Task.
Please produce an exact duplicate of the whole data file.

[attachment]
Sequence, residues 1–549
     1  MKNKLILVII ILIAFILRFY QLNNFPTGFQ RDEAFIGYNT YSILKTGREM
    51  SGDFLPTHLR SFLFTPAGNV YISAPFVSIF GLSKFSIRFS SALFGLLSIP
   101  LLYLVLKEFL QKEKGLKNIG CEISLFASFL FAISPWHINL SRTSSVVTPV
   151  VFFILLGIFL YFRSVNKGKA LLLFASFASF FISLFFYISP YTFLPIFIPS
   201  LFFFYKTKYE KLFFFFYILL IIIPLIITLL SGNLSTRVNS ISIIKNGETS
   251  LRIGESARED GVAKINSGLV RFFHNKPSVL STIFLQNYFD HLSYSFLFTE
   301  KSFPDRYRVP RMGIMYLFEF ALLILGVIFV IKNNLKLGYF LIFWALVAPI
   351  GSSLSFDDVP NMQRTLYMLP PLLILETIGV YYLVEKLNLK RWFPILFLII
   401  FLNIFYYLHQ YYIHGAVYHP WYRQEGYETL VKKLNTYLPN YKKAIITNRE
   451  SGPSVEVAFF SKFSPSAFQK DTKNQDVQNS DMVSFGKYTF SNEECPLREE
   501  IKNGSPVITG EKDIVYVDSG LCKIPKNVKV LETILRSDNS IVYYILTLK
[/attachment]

Sequence, residues 1–549
     1  MKNKLILVII ILIAFILRFY QLNNFPTGFQ RDEAFIGYNT YSILKTGREM
    51  SGDFLPTHLR SFLFTPAGNV YISAPFVSIF GLSKFSIRFS SALFGLLSIP
   101  LLYLVLKEFL QKEKGLKNIG CEISLFASFL FAISPWHINL SRTSSVVTPV
   151  VFFILLGIFL YFRSVNKGKA LLLFASFASF FISLFFYISP YTFLPIFIPS
   201  LFFFYKTKYE KLFFFFYILL IIIPLIITLL SGNLSTRVNS ISIIKNGETS
   251  LRIGESARED GVAKINSGLV RFFHNKPSVL STIFLQNYFD HLSYSFLFTE
   301  KSFPDRYRVP RMGIMYLFEF ALLILGVIFV IKNNLKLGYF LIFWALVAPI
   351  GSSLSFDDVP NMQRTLYMLP PLLILETIGV YYLVEKLNLK RWFPILFLII
   401  FLNIFYYLHQ YYIHGAVYHP WYRQEGYETL VKKLNTYLPN YKKAIITNRE
   451  SGPSVEVAFF SKFSPSAFQK DTKNQDVQNS DMVSFGKYTF SNEECPLREE
   501  IKNGSPVITG EKDIVYVDSG LCKIPKNVKV LETILRSDNS IVYYILTLK